He was born into a Muslim – Nausherwani Family of Karnal, Eastern Punjab of India, on October 1, 1895.His father, Nawab Rustam Ali Khan, possessed the titles of Rukun-al-Daulah, Shamsher Jang and Nawab Bahadur, by the local population and the British Government who had wide respect for his family. The Ali Khan family was one of the few landlords whose property (300 villages in total including the jagir of 60 villages in Karnal) expanded across both eastern Punjab and Muzaffarnagar the United Provinces. Both of his parents, Nawab Rustam Ali Khan and Mahmoodah Begum are buried at their princely family compound located outside Karnal, Haryana, India. Liaquat Ali Khan’s former personal residence is located at Jansath Tehsil of Muzaffarnagar, Uttar Pradesh about 80km from his ancestral estate and is now being considered by the Uttar Pradesh government to be opened as a tourist destination. The family owned pre-eminence to timely support given by Liaqat's grandfather Nawab Ahmed Ali Khan of Karnal to British army during 1857 rebellion.(source-Lepel Griffin's Punjab Chiefs Volume One). Liaquat Ali Khan's mother, Mahmoodah Begum, arranged for his lessons in the Qur'an and Ahadith at home before his formal schooling started.[citation needed] His family had strong ties with the British Government, and the senior British government officers were usually visited at his big and wide mansion at their time of visit.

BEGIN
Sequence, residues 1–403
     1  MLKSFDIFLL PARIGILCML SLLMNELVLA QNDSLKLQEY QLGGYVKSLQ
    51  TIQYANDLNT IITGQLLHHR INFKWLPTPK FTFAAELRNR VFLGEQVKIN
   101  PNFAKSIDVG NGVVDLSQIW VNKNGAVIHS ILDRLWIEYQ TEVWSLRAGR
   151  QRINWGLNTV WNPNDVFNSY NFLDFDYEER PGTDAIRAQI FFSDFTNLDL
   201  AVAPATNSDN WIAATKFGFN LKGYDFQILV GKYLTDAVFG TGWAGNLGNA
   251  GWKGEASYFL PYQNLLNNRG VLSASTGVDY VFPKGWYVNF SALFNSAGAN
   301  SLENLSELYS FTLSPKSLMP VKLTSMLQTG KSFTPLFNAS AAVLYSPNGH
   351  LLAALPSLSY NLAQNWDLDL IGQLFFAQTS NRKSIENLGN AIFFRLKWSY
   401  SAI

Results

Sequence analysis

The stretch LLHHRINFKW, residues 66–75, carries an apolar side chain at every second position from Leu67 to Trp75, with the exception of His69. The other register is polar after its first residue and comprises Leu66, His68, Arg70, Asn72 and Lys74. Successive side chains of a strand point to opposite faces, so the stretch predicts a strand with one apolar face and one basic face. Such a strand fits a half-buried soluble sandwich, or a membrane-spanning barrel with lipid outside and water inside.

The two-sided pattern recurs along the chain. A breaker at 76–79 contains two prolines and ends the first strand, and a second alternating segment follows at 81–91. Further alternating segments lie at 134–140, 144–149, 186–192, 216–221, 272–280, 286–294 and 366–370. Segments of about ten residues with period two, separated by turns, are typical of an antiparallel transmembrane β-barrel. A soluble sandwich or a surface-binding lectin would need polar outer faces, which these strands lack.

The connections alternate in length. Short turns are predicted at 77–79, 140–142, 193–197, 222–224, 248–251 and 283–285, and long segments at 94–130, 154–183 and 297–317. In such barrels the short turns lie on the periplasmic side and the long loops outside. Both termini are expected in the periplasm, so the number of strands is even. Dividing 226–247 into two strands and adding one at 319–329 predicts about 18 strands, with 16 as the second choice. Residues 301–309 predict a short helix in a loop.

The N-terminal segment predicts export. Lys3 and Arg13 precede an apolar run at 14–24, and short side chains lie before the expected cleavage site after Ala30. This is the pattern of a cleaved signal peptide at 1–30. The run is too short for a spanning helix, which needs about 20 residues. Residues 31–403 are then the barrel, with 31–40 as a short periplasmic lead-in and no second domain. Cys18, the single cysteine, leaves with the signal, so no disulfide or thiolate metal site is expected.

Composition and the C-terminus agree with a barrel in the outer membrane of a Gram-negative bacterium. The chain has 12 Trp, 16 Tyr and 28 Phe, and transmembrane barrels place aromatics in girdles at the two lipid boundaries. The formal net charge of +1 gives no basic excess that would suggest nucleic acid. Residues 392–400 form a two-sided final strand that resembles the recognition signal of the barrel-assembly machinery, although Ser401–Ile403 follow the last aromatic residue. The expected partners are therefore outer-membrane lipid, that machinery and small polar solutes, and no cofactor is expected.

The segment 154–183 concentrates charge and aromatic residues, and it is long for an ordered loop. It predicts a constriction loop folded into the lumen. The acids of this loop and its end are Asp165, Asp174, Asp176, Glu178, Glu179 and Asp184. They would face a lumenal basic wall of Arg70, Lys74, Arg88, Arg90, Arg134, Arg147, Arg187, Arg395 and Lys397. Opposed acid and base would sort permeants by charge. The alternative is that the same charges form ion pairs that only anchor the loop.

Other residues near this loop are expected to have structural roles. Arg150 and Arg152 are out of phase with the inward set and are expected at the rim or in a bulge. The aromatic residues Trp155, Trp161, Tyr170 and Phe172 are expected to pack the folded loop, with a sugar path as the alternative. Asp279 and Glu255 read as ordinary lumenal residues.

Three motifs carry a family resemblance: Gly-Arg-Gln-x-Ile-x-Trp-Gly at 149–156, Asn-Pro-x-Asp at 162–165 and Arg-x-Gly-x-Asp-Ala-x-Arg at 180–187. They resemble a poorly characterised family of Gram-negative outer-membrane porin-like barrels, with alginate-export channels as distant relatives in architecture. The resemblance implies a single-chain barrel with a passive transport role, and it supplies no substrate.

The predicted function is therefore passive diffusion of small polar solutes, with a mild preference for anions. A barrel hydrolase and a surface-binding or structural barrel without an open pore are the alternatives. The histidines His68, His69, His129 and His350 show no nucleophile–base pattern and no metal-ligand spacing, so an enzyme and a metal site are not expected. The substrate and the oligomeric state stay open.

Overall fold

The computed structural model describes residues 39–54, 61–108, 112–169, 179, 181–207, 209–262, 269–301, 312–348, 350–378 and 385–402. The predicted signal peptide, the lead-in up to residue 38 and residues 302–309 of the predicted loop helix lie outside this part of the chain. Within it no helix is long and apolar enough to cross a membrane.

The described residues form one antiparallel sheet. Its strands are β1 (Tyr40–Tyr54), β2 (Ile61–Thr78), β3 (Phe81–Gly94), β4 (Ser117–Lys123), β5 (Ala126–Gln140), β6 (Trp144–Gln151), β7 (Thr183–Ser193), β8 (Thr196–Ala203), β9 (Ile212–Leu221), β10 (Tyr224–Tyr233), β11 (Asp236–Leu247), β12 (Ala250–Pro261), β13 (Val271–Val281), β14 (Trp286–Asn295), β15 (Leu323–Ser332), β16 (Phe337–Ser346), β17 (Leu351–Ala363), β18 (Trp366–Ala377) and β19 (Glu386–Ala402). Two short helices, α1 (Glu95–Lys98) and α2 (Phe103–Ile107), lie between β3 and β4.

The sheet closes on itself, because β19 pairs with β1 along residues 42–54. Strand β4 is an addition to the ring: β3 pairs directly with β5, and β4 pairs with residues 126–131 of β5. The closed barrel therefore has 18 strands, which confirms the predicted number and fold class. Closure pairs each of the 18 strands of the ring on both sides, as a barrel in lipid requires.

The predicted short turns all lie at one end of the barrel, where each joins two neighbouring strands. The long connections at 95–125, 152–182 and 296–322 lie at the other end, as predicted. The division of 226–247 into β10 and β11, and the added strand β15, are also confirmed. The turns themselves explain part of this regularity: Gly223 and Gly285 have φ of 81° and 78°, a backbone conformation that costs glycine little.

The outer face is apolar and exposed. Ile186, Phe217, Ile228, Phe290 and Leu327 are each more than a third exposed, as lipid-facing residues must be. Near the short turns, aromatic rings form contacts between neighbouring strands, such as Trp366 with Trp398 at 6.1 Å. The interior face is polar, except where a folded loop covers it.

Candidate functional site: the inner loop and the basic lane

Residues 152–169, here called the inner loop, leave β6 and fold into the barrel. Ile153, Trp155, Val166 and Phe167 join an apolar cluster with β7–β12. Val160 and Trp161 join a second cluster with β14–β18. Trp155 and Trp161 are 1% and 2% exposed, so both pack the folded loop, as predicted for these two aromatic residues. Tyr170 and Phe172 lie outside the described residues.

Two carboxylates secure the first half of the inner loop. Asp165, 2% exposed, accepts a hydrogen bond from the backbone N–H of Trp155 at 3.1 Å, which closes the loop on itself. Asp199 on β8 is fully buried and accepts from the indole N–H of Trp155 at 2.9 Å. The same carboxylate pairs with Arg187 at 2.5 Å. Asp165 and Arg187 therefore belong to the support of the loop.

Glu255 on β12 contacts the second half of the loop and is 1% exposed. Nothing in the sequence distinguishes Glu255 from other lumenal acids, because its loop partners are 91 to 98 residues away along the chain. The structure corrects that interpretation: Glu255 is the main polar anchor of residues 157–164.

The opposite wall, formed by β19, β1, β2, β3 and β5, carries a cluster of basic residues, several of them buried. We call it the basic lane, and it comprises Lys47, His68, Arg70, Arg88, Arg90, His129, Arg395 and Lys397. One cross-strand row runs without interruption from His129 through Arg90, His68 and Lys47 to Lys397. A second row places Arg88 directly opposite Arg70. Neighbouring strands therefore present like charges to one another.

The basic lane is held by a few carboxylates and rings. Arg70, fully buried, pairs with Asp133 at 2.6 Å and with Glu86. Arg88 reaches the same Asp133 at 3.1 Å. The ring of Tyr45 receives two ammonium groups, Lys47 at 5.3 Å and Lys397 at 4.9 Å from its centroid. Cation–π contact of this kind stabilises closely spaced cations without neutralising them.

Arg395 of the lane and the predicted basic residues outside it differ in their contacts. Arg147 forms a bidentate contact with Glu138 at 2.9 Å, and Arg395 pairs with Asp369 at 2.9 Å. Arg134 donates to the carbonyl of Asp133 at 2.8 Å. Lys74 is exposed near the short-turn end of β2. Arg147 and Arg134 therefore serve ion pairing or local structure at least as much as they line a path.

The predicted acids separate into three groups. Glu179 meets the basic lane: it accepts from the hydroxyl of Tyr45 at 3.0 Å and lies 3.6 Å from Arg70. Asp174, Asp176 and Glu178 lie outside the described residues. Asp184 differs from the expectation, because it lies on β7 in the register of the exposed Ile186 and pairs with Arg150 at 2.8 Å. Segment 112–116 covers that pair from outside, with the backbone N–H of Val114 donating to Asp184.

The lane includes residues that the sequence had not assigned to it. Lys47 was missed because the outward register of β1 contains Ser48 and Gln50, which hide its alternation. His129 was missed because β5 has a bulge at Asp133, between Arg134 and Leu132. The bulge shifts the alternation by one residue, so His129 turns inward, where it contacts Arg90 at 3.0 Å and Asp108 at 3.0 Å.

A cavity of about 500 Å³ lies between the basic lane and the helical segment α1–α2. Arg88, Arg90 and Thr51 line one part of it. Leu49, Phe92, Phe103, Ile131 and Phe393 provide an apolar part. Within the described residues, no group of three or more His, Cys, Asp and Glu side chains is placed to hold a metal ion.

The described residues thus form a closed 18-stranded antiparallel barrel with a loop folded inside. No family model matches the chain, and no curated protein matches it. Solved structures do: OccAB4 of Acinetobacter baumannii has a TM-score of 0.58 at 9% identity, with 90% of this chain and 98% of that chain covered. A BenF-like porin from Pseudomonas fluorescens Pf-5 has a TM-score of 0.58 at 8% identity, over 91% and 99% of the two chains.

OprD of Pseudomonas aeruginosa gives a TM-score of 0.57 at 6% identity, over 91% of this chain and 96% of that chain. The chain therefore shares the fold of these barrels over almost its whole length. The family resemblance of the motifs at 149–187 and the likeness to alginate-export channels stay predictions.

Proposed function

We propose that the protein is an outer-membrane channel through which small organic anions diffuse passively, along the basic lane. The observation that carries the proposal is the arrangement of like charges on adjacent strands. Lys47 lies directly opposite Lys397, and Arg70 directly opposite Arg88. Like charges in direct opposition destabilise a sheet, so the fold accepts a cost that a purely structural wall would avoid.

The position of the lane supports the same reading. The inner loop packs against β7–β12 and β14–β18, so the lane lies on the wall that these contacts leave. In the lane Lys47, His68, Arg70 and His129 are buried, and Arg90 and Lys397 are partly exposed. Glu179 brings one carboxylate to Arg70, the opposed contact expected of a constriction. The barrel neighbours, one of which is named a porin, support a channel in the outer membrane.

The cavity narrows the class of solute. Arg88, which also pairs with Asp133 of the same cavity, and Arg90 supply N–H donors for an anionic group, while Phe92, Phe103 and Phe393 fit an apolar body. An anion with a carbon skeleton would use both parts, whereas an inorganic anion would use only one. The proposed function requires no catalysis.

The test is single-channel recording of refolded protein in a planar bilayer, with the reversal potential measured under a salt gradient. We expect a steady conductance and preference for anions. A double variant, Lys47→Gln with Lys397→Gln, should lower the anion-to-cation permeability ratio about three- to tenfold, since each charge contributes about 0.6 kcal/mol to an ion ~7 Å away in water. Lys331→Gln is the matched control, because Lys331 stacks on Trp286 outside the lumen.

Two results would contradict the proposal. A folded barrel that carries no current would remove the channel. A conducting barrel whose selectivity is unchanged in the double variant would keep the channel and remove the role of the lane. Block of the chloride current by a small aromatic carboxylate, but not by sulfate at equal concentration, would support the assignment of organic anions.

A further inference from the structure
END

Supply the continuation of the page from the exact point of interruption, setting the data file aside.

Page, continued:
His family had deep respect for the Indian Muslim thinker and philosopher Syed Ahmad Khan, and his father had a desire for the young Liaqat Ali Khan to beeducated in the British educational system; therefore, his family sent Ali Khan to the famous Aligarh Muslim University (AMU), where he obtained degrees in law and political science.